A spacecraft capsule that will return astronauts to the moon has been completed and shipped to Florida for final assembly into a full spacecraft, according to a news release from Lockheed Martin. The …
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A spacecraft capsule that will return astronauts to the moon has been completed and shipped to Florida for final assembly into a full spacecraft, according to a news release from Lockheed Martin.
The pressure vessel for NASA’s Orion Exploration Mission-2 (EM-2) spacecraft was welded together over seven months by Lockheed Martin technicians and engineers at the NASA Michoud Assembly Facility near New Orleans.
Orion is the world’s only exploration-class spaceship, and the EM-2 mission will be its first flight with astronauts on board, taking them farther into the solar system than ever before, the release said.
“It’s great to see the EM-2 capsule arrive just as we are completing the final assembly of the EM-1 crew module,” Mike Hawes, Lockheed Martin vice president and program manager for Orion, said in the release. “We’ve learned a lot building the previous pressure vessels and spacecraft and the EM-2 spacecraft will be the most capable, cost-effective and efficient one we’ve built.”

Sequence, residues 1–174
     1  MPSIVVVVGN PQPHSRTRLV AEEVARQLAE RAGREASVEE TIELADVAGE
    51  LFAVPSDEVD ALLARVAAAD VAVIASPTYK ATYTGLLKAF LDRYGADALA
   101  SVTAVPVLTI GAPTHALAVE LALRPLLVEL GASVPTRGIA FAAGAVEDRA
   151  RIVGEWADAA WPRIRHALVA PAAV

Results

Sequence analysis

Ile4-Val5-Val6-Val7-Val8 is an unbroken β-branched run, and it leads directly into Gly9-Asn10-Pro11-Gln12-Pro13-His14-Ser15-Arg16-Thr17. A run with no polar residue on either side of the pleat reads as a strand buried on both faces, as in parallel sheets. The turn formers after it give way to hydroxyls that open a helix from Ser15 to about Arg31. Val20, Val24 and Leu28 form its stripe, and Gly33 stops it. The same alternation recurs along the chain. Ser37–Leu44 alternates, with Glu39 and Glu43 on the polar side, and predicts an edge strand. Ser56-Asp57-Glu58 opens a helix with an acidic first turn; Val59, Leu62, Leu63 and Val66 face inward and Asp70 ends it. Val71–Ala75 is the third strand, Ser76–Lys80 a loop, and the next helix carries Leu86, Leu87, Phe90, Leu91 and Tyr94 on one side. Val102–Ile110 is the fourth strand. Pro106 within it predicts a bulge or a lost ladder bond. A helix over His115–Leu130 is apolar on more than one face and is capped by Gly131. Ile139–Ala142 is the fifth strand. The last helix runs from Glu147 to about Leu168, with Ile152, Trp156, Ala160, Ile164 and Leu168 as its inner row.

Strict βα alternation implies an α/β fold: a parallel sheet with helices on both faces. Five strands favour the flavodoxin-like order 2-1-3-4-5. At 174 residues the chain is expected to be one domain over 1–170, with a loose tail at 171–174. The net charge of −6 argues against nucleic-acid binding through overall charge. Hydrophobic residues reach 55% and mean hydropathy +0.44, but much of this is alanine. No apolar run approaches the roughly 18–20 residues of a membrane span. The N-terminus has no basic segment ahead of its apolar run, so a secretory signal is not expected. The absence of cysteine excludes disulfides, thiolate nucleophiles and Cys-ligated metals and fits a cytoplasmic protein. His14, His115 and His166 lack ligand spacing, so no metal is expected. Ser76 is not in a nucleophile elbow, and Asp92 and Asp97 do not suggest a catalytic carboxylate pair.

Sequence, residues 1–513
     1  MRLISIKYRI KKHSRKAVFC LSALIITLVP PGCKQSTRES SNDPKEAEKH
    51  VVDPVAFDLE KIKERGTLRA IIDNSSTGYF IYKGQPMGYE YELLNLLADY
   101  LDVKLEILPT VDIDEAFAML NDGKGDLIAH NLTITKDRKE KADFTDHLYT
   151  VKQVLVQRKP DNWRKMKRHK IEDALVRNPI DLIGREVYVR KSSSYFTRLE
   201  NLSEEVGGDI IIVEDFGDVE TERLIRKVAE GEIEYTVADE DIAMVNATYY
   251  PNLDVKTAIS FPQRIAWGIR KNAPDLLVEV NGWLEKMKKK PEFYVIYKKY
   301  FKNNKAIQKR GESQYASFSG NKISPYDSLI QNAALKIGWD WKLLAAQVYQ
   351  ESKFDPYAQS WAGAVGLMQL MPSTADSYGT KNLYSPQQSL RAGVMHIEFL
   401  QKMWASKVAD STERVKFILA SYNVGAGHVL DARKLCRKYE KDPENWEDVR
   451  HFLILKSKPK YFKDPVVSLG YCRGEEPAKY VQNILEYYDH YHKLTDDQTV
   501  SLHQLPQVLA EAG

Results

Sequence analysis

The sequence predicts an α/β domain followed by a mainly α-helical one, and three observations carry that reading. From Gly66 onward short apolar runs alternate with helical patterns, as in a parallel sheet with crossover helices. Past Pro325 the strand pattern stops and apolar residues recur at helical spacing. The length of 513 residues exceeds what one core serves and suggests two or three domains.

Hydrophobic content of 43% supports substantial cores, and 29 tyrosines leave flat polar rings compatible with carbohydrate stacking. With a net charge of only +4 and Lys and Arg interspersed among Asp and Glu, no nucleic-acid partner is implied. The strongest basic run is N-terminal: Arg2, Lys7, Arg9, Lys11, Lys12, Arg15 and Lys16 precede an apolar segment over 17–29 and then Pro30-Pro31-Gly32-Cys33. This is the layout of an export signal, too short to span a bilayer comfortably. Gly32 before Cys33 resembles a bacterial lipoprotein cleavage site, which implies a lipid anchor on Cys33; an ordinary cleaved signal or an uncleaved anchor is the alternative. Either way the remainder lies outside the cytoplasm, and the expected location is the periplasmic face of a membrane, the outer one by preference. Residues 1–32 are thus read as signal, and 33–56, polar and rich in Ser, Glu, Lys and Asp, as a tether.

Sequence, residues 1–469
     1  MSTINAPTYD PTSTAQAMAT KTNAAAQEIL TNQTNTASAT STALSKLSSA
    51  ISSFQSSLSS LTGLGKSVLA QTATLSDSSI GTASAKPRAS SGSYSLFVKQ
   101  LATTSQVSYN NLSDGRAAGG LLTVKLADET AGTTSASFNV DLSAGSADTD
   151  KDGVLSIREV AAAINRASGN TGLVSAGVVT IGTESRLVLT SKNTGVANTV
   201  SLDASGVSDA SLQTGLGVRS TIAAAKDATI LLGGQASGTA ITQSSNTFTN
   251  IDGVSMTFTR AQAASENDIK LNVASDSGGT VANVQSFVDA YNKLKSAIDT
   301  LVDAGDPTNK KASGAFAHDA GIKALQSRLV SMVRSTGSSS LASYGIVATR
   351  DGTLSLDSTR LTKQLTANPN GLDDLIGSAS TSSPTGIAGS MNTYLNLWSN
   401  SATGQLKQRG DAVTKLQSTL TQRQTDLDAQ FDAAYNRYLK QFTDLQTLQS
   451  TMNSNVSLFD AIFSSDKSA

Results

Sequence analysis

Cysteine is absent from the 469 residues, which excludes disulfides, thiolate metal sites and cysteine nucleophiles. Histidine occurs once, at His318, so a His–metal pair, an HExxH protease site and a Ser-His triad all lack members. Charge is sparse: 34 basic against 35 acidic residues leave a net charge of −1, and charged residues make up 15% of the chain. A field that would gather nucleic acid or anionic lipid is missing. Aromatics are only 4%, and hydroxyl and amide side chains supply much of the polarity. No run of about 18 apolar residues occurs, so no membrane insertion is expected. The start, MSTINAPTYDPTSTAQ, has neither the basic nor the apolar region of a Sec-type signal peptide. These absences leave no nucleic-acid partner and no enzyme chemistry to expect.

Orion’s pressure vessel is made from seven large, machined aluminum alloy pieces that are welded together to produce a strong, light-weight, air-tight capsule. It was designed specifically to withstand the harsh and demanding environment of deep space travel while keeping the crew safe and productive.
“We’re all taking extra care with this build and assembly, knowing that this spaceship is going to take astronauts back to the moon for the first time in four decades,” Matt Wallo, senior manager of Lockheed Martin Orion Production at Michoud, said in the release. “It’s amazing to think that, one day soon, the crew will watch the sun rise over the lunar horizon through the windows of this pressure vessel. We’re all humbled and proud to be doing our part for the future of exploration.”
The capsule was shipped over the road from New Orleans to the Kennedy Space Center, arriving Aug. 24. Now in the Neil Armstrong Operations and Checkout Building, Lockheed Martin technicians will immediately start assembly and integration on the EM-2 crew module.
Lockheed Martin is a global security and aerospace company based in Bethesda, Maryland, with a number of Colorado locations, including offices in Denver, Littleton, Englewood and Boulder.
Lockheed Martin also recently sent the U.S. Air Force’s first GBS III space vehicle to Cape Canaveral for its expected launch in December, a Lockheed Martin news release said. Designed and built at Lockheed Martin’s GPS III Processing Facility near Denver, the satellite was shipped Aug. 20 from Buckley Air Force Base to the Cape on a massive Air Force C-17 aircraft.
GPS III will be the most powerful and resilient GPS satellite ever put on orbit, the release said. Developed with a new design for U.S. and allied forces, it will have three times greater accuracy and up to eight times improved anti-jamming capabilities over the previous GPS II satellite design block, which makes up today’s GPS constellation.
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